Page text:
It didn't take many miles for the blisters to return. About 5 miles into my morning, wandering along fairly flat trail, attempting to make good time, I felt a nagging sensation under my right foot. Again. Before I could even find something to sit on, the thing ripped open on a misstep, and I slumped on a stump to look at it. Engrossed, I was startled to hear a whistle coming from the trail ahead of me. There stood a tall man leaning on trekking poles, who appeared to be having no foot issues at all. He had a once-off-white day pack and worn boots. With a huge smile, he said, "I didn't want to startle you." We talked briefly while I assembled my dangling skin. He was a physical therapist who was hiking the trail in sections, parking and doubling back each day. Somehow, we managed to get some thorough personal biographies in our brief interaction, and, discovering that we had much science background in common, we resolved to try to meet up after he'd doubled back a couple of miles closer to where I'd camped the night before.
With water an issue, however, I didn't want to wait long, and I left a note at a road crossing giving him my contact information just in case we didn't meet after all. Less than a mile from the note, I heard "Hustler!" He was behind me, approaching quickly, and I smiled and yelled, "Whistling Jim!" His stride was certainly mine plus half, but he insisted on my walking ahead and talking so he could hear me. We talked all the way to his truck, where he kindly offered me an energy drink and fruit; he also offered me water, but I declined, hoping that the recent rains had filled Russell Tank, which I'd planned for my stop that night. He had planned to make Russell his next jumping-off point, and was about to drive there and begin the next section. I left to hike the distance, hoping I might run into him again that night.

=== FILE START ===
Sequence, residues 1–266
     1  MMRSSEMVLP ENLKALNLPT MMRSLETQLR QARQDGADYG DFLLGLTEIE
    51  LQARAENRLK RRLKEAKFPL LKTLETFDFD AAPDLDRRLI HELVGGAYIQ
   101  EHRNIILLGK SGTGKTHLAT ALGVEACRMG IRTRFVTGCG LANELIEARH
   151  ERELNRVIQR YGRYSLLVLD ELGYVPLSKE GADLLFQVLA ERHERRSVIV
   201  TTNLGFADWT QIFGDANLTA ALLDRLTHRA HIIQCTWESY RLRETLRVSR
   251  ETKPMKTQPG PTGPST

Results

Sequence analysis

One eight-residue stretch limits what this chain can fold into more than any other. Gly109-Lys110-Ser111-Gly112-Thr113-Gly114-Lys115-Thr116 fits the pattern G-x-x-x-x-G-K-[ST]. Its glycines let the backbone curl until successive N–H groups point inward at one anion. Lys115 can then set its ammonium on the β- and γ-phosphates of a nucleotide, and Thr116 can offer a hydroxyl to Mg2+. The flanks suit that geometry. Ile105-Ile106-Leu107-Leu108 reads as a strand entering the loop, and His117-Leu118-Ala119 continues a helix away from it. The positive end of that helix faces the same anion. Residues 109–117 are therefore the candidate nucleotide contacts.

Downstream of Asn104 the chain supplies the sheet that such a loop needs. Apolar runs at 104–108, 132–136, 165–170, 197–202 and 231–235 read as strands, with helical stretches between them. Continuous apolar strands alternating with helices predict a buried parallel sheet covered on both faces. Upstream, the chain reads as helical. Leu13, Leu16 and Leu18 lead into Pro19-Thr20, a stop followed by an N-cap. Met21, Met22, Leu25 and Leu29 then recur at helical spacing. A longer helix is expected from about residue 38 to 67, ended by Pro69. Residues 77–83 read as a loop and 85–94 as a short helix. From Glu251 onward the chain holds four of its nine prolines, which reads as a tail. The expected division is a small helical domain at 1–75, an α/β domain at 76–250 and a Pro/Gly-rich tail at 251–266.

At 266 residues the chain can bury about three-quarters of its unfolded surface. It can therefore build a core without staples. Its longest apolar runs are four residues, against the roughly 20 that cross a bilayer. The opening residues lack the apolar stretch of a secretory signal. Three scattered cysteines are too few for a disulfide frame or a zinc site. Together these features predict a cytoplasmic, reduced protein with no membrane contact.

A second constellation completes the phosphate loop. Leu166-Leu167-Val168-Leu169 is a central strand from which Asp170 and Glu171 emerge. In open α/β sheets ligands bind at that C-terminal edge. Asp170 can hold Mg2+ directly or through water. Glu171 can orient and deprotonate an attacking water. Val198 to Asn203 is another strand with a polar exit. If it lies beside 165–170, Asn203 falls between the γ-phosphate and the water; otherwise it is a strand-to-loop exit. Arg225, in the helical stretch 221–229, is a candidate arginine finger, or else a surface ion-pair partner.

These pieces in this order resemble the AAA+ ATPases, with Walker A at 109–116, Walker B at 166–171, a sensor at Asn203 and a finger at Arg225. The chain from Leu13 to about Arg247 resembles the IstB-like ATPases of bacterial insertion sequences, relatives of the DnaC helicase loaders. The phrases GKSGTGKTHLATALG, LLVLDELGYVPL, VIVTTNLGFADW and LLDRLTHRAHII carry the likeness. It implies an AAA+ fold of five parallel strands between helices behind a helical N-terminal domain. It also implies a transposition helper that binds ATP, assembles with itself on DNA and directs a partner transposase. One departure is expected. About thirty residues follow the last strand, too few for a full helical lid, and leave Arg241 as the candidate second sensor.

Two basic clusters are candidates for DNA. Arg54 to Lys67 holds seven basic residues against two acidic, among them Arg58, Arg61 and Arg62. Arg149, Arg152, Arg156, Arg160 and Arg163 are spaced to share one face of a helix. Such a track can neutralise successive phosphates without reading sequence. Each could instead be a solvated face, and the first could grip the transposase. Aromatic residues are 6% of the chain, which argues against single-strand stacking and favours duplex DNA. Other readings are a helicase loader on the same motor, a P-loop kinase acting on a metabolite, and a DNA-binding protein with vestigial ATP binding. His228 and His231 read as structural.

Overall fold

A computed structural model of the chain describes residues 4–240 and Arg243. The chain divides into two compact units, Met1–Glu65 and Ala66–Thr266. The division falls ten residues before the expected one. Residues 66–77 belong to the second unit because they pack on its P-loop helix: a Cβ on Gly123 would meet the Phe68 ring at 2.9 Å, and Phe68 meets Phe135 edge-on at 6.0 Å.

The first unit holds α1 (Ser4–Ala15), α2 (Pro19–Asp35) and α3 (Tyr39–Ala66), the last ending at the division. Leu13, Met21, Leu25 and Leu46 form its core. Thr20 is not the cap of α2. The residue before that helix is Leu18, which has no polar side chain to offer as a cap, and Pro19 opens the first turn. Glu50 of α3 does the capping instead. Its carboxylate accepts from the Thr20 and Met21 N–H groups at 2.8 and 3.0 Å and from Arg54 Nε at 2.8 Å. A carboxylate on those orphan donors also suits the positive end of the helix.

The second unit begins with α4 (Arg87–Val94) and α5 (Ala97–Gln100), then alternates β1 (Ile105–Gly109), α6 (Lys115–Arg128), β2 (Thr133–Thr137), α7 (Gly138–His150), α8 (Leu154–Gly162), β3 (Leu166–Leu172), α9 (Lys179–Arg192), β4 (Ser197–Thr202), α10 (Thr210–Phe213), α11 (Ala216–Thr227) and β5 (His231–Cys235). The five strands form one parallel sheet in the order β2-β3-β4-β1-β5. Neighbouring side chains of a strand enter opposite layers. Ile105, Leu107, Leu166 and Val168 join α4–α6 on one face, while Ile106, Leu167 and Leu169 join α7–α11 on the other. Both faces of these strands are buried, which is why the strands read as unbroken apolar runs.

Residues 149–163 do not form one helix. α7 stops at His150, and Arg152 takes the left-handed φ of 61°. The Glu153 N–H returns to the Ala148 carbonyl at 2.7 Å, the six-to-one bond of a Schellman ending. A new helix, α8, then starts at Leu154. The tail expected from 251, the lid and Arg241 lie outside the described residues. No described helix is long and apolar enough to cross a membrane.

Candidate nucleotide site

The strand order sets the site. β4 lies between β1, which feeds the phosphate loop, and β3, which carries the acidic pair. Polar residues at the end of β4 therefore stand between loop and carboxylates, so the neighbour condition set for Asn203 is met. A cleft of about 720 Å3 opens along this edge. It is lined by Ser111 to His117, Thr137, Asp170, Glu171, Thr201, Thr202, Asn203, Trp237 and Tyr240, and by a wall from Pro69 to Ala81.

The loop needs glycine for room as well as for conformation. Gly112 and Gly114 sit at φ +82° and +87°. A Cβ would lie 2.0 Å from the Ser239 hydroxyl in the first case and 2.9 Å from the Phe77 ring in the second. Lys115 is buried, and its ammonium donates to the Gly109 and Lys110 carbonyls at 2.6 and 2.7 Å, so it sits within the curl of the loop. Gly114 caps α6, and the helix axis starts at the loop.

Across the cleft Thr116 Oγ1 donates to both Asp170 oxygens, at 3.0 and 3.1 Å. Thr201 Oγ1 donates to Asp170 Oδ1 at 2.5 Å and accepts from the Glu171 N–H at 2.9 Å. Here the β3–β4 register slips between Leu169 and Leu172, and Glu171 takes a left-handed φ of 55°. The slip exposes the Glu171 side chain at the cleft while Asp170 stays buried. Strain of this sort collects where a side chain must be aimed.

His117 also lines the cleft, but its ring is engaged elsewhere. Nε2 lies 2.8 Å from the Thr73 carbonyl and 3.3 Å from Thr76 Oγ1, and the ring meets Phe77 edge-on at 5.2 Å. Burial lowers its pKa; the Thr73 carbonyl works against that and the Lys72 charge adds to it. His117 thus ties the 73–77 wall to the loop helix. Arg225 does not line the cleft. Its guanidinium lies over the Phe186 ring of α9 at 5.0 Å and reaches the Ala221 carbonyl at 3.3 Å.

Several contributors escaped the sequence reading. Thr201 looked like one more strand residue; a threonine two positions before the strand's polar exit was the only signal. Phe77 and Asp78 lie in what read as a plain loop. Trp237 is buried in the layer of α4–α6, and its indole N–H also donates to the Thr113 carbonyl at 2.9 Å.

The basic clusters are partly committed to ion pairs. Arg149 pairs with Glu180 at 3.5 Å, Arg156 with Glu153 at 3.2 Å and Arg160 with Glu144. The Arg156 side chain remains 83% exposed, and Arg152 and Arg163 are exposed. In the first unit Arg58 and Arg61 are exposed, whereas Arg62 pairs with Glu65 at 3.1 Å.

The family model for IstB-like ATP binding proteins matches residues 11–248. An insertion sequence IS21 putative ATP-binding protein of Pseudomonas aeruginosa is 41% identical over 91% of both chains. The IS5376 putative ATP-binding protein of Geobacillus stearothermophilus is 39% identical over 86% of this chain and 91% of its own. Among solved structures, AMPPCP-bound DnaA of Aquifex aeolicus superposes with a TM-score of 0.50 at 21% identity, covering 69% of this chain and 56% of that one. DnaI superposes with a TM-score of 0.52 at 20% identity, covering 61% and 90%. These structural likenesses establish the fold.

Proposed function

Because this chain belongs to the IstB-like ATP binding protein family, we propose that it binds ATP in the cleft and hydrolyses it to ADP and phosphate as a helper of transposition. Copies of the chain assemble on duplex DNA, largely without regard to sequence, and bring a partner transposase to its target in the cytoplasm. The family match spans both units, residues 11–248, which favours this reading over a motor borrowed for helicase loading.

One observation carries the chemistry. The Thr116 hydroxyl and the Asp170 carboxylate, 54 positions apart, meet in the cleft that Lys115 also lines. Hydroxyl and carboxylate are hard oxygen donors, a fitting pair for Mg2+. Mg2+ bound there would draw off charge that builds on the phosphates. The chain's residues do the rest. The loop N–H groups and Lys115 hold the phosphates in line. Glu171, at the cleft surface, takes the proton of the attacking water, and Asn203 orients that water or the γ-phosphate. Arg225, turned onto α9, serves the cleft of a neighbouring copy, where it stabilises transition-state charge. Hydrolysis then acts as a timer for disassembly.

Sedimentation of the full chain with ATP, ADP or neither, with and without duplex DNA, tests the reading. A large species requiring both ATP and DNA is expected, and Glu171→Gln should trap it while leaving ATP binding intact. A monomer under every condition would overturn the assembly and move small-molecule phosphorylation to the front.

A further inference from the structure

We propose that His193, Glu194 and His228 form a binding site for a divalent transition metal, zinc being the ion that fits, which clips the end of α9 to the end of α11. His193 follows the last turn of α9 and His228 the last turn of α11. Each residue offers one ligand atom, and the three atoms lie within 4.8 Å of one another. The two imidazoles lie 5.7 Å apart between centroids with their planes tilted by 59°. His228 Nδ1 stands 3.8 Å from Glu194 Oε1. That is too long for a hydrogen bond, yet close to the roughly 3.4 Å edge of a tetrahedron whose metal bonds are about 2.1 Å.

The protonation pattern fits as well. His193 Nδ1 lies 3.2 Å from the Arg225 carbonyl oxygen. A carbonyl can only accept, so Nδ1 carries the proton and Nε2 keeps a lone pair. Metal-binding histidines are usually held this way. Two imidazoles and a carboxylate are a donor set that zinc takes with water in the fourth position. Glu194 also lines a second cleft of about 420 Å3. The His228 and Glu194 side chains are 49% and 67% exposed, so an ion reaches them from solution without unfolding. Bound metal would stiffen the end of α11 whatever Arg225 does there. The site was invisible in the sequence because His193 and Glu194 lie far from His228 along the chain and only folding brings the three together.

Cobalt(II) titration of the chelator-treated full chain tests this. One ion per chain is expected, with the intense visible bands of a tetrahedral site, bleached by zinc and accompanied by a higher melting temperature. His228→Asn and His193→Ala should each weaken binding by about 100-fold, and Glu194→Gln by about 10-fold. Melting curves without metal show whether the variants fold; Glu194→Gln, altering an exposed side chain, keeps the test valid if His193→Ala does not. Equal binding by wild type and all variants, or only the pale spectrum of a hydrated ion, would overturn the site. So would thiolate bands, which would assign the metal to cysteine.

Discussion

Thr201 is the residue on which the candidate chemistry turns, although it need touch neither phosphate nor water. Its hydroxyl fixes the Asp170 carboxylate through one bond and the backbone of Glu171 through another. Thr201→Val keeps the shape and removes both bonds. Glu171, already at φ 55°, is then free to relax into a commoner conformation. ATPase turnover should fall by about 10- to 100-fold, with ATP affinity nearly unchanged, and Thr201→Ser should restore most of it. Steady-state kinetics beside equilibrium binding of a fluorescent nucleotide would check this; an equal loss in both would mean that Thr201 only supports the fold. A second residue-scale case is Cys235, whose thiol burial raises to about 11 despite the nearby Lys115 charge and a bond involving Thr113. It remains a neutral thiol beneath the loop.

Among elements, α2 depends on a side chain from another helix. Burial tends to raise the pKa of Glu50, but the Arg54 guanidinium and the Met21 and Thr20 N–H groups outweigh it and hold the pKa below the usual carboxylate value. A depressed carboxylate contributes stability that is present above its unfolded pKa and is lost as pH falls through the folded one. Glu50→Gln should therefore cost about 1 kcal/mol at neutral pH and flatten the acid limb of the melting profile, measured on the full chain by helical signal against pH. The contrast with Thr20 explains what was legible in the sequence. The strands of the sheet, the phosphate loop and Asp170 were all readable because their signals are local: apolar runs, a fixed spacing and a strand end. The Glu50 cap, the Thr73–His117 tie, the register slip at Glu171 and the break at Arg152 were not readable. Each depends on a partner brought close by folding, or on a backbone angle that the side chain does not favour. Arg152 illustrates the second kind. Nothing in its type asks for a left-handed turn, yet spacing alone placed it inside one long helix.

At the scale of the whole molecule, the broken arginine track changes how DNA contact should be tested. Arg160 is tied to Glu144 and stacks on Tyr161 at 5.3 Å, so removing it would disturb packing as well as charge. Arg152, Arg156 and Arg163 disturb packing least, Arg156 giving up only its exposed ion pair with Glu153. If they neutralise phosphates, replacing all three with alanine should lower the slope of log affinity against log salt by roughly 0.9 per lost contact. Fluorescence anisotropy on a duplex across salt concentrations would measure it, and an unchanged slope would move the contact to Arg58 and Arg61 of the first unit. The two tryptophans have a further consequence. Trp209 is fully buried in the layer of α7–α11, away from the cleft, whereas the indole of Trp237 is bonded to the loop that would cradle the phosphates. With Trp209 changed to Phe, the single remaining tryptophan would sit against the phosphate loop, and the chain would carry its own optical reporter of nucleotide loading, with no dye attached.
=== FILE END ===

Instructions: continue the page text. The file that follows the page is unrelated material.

The terrain in the interim was rocky and heavily sloped. An alternate bike trail had been built to keep mountain bikers from barrelling down the switchbacks to their doom. As I picked carefully down them, I wondered how many people had tried the trail before the signs to use the bike alternate or walk bikes had been put up. On the way back up (for one only goes down so that one may go up again), I noticed my knee making a sound not unlike Grapenuts settling in a bowl of milk. It also hurt a bit, but that pain was fairly indistinguishable from the chorus of other IT band songs emitting from my right leg. I blew it off. Eventually, I reached Russell Tank, surprising a Northern Goshawk that had been feasting on a squirrel. The squirrel's accomplice was chattering loudly from a nearby tree, and I wondered if it had just lost a relation, friend, enemy or lover to the raptor.
The tank was dry. I continued to the parking area, and was relieved to see Jim's Tacoma parked there, without any sign of the driver. By the time I'd set up my tent and the light was markedly fading, I began to wonder about the guy. Of course, just as I was considering popping down the trail to look for him, he came whistling around the corner, Tom Bombadil-style. He'd done over 25 miles that day. Though tired, he seemed to be in good spirits. I bummed water off of him with profuse thanks. We spoke briefly, but he wanted to get driving on the spiderweb of dirt roads before losing the light. Maybe we will meet again tomorrow.
When I settled in my tent, the cereal sound in my knee was quite evident. It has swollen considerably. Excellent.